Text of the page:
Private William Craig
Unit : 3rd Parachute Battalion
Army No. : 14246464
William "Jock" Craig was originally a member of the Royal Scots, and is believed to have been learning to drive tanks when he volunteered for the Parachute Regiment. He earned his wings on the 23rd February 1944, and was posted to the 3rd Parachute Battalion.
In the years since the War, Craig only spoke to his son, Ian Gordon, once about his experiences at Arnhem. He said that he had been involved in street-fighting from house to house. He went through the front door of one house and, making his way to the rear, found a soldier, either dead or injured, by the back door. As he stepped outside there was a flash as a mortar bomb exploded next to him, he tumbled down a small embankment and saw his helmet rolling away from him. Wounded by fragments of shrapnel in the back of his head, Craig was taken prisoner and received treatment in an unnamed Dutch hospital; presumably the St. Elizabeth.
Following an operation to remove the shrapnel and fragments of bone from his head, Craig awoke to find himself paralysed and rendered blind for two weeks, probably not knowing if it would be permanent or not. On 22nd September, however, he had recovered sufficiently to write the following letter to his mother, who at this point had no idea of his whereabouts. The letter probably took some effort to write, and he alludes to this in later correspondence. He used the term "Mother" rather than the later "Mum", misspells his surname, and is perhaps writing in an atmosphere of some secrecy when he says it will be "sent funnily", a reference to the fact that it would be smuggled out of the hospital by the Dutch orderlies (in league with the Resistance), without being censored or approved by German officials.
Just a short note to let you know I am a prisoner of war in German hands. I am slightly wounded but nothing to worry about as I will be alright in a few days. Let Mavis and all my friends know. We have been treated very well and are in a Dutch hospital with good food and ample medical attention. It won't be long before I see you all again so don't worry. I will close this as it is being sent rather funnily. So cheerio the meantime.
Your ever loving Son,
This letter has been written in Holland. The patient is not staying here, and is sended to Germany. I was in the position to send this letter from English soldiers to liberated territory. This happened by under-ground movement and sometimes a letter has been lost. I have kept the original letter. I have sent a copy to your address to be sure that the original letter will be in your hands.
William Craig was sent to St. Joseph Ziekenhuis, Veldhoven, Holland, a Dulag Luft camp where he would have been interrogated and processed as a prisoner of war. He sent a more detailed, and more official, letter to his parents and brother on the 16th December 1944, from Reserve Lazarett Teupitz:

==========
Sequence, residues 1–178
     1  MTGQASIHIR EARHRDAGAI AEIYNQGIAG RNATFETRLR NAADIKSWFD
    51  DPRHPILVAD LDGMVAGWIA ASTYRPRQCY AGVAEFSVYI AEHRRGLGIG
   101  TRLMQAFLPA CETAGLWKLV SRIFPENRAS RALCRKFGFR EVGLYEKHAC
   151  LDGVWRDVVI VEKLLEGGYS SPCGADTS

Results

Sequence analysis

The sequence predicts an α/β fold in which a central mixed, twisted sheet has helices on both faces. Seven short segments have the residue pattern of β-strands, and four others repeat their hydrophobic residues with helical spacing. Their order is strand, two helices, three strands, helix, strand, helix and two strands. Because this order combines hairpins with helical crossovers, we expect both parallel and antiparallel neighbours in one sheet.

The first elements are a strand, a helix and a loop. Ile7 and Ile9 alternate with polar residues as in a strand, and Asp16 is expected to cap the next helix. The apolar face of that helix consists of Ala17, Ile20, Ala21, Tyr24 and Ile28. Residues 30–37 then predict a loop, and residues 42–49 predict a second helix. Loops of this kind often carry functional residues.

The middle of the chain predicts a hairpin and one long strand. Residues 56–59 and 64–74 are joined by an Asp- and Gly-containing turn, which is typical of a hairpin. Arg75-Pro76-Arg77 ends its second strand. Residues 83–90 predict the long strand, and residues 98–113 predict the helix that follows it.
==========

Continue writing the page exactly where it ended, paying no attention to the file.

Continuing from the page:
No.14246464, Pte Craig W
My Dear Mum, Dad & Ian,
Here I am with a few lines hoping they find you all in the very best of health, as they leave me O.K. How are you all getting along in Campbeltown, still trudging forward I expect. Is Daddy still kept as busy as ever? I expect he is, & Ian, I hope he is behaving himself & doing all he can to help you. Is he still wanting to be a joiner or has he changed his mind. At one time he wanted to be a driver but I think he'd be better off if he sticks to the joinering. What do you say? The last time I wrote to you I was pretty Slap Happy Mum, but now that I have fully recovered from my operation I am OK again. I left Holland about 5 weeks ago, but I haven't been sent to a camp yet, I expect it'll be sometime before I am fit for a camp. Don't worry about me Mum as I am getting very well looked after here. The weather is pretty cold at present but I have managed out twice for a bit of fresh air. It was great to get out again Mum after being confined to bed so long. Once I get right well again I never want to see any more hospitals. I've had quite enough. When I get back home again I'll not even attempt to ride a Fairy cycle, just in case I might fall off and injure myself (Ah! Ah!) How is Ina and Archie getting on, give them my love, won't you? & Annie are you still hearing regular from her. Don't forget to give her my love the next time you write. Is she still working away as hard as ever? Well Mum it is getting pretty near Christmas. But by the time you get this letter I expect it'll have long passed, so all I can say is I hope you all had a very merry Christmas, & a very happy New Year. I wish you all the best for 1945. Have you written to Mavis, Mum. I managed to drop her a card from Holland, but I haven't managed to write since then. Please write her & let her know I am O.K. Well Mum, I can't think of much more to say at present, only please don't worry about me as I am O.K. & getting very well looked after. There are six of us here together Mum, & we get along O.K. We are the only prisoners in the hospital. I don't know where any of my mates are, but I expect they've all been taken prisoner. I hope to meet up with them some day. Well Mum I'll close now, hoping these few lines finds you all well. Give my regards to anybody I know in Campbeltown & don't forget to write Mavis.
Cheerio for now.
& God Bless you all.
Ever your loving Son
ps. I hope to hear from you sometime in the future.
Craig remembered being lined up on Frankfurt Railway Station at Christmas, in pyjamas and grey coat, and spat upon by passing Germans. When the war ended, William Craig returned home and later married Mavis.
My thanks to Ian Gordon Craig for this account.
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